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With an impressive view of three inactive volcanoes, Mount Gahinga Lodge is ideally placed in a prime location in the heart of Mgahinga National Park. Six stone and thatch bandas feature fireplaces and solar heated showers, giving it a cosy, authentic feel.

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When should I visit Uganda?

As Uganda straddles the equator and has an average altitude of around 1,000m, the heat is rarely too intense, meaning you can visit year-round. However, the best time for gorilla trekking is between July and September. During this time it’s peak season, so make sure you organise your permit well in advance. Only a limited number of visitors are permitted on each trek, so the forest is never too crowded.  

 

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Gorilla trekking in Rwanda

A staggeringly beautiful central African country, Rwanda’s rolling green savannas and tropical rainforests provide the perfect backdrop for gorilla trekking. Volcanoes National Park is Rwanda’s preferred destination for gorilla sightings, with the region’s gentle slopes and open bush catering to all types of traveller.

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Volcanoes National Park was given its name by virtue of the fact that it’s home to five of the eight volcanoes in the Virunga mountains massif. Combined with blanketed rainforest, open grassland and small lakes, the landscapes across Volcanoes National Park are worth visiting in and of themselves.

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Rwanda is similar to Uganda in that a maximum of eight tracking permits per gorilla family per day are allowed in the park, so the forest is seldom too crowded. With 10 habituated gorilla groups also in Volcanoes National Park, the time it takes to locate them is similar to that taken in Uganda’s Bwindi. However, Rwanda’s open environment lends itself to less arduous treks, making it more accessible than Uganda’s challenging terrain.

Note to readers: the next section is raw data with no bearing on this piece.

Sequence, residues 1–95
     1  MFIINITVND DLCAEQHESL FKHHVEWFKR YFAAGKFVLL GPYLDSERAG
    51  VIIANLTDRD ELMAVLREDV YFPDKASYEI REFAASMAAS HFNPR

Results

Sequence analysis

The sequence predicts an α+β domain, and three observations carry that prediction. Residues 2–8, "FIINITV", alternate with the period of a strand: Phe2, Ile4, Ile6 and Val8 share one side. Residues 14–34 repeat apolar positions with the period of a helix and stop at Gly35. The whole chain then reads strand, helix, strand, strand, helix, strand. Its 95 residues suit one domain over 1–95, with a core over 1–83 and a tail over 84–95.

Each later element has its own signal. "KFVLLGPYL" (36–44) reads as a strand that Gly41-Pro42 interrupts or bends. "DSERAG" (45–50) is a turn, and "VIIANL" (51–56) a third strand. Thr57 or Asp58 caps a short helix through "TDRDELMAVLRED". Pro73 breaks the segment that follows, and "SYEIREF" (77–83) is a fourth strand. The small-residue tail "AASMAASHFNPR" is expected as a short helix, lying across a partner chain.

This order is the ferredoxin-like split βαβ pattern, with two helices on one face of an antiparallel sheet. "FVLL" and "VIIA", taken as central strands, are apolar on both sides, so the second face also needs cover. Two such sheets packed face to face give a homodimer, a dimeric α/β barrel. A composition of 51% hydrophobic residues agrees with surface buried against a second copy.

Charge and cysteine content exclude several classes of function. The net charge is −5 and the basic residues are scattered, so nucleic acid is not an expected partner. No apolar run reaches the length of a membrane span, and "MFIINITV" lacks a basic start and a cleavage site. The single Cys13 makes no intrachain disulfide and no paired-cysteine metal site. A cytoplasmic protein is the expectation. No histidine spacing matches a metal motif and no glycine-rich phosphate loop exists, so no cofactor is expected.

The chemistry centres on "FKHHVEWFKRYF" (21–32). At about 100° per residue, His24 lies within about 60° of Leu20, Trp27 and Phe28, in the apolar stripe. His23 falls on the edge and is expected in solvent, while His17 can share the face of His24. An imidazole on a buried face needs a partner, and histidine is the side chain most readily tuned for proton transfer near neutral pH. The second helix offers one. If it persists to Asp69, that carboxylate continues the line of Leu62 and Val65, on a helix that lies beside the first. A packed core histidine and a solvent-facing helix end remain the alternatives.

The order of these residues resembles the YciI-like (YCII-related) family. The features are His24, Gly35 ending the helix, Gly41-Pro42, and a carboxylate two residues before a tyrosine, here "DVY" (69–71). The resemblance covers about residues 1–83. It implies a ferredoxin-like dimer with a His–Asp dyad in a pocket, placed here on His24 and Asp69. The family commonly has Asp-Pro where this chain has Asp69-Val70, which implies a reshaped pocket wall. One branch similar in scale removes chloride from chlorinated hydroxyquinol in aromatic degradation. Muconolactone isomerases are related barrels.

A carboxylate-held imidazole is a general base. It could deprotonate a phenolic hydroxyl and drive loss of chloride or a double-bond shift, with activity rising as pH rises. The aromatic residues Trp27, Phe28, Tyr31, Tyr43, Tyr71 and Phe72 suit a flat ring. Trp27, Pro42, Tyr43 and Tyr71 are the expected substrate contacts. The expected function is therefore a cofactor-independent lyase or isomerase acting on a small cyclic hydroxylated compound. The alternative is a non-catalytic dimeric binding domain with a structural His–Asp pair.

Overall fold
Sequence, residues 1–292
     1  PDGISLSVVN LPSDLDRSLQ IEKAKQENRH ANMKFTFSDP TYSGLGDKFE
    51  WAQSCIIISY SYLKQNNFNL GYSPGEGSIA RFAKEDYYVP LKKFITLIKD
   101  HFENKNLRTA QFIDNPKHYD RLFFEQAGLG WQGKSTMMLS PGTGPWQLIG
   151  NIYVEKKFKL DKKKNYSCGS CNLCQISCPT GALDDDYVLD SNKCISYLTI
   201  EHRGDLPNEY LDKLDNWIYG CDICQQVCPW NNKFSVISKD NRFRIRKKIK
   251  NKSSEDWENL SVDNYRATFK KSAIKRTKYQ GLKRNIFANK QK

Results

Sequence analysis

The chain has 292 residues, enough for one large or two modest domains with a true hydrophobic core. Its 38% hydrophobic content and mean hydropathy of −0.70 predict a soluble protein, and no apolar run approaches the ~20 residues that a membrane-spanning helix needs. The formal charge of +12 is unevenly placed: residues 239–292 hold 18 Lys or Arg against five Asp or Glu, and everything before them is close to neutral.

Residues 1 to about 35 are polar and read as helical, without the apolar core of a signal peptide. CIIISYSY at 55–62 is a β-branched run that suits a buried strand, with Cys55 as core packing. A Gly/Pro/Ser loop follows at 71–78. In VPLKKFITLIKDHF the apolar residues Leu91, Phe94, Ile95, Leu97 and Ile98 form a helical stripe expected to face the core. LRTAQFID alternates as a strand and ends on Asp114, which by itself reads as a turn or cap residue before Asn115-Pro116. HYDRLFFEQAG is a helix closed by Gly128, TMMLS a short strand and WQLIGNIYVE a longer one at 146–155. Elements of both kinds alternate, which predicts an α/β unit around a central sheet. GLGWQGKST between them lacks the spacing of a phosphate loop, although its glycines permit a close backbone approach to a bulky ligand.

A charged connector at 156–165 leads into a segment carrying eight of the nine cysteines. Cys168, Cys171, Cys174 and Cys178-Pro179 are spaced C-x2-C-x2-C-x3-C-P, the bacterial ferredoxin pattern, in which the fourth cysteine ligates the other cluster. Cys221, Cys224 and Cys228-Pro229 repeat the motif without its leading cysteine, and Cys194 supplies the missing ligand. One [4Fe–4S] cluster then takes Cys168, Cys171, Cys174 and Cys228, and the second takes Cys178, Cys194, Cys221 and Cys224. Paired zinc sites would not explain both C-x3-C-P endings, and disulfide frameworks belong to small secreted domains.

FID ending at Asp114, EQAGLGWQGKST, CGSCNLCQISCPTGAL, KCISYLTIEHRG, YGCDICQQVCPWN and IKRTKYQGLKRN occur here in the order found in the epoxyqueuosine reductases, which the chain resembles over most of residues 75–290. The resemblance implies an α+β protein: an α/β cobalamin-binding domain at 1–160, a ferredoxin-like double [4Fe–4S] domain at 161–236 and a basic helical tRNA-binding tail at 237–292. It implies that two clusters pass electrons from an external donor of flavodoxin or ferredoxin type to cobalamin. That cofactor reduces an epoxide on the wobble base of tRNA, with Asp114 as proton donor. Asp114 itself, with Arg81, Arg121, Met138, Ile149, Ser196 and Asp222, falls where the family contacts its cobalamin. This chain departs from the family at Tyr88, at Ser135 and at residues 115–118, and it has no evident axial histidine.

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Of course, conservation is still a primary feature. All guided treks are led by expert naturalist guides, with every effort made to minimise impact on the gorillas’ natural habitat. Volcanoes National Park was put firmly on the map by American primatologist Dian Fossey, who founded a centre to bring worldwide attention to the gorillas’ endangered status.

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Where should I stay in Rwanda?

Set amongst an eroded volcanic cone, Bisate Lodge’s six forest villas provide panoramic views across rolling hills and guided village walks amongst the local community. Bisate’s villas provide an out of this world feel, with each room’s private deck facing the ethereal Mount Bisoke. As well as sought after gorilla treks, Bisate runs forest hikes to see rare Golden Monkeys and other wildlife.

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Sitting atop a 2,300 metre hilltop overlooking lakes Ruhondo and Balera, Virunga Lodge is one of central Africa’s premier eco-lodges. Virunga is an environmentally conscious property, with en suite bathrooms running on solar hot water. Local cultural excursions and an extensive menu of diverse daily activities make Virunga Lodge a stylish retreat.

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In the foothills of the Virunga mountains lies Sabyinyo Silverback Lodge, whose eight spacious standalone cottages are decorated in a homely fashion. Sabyinyo is a great choice for honeymooners, as its secluded location creates a private feel. There are also opportunities to connect with your fellow travellers, as guests are able to collectively recount tales in the communal lounges and dining area.

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When should I visit Rwanda?

The weather is variable in Rwanda, as the country has two dry seasons and two wet seasons. The dry seasons – running between mid-December to early February and from June to September – are ideal for gorilla trekking, since the forest terrain is not as treacherous as it tends to be during the wetter months. Drier temperatures also mean a low risk of contracting malaria. However, because Rwanda is equatorial, the weather is never predictable, so it’s wise to pack waterproofs year round.

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To start creating your personalised gorilla trekking experience, talk to one of our experts today.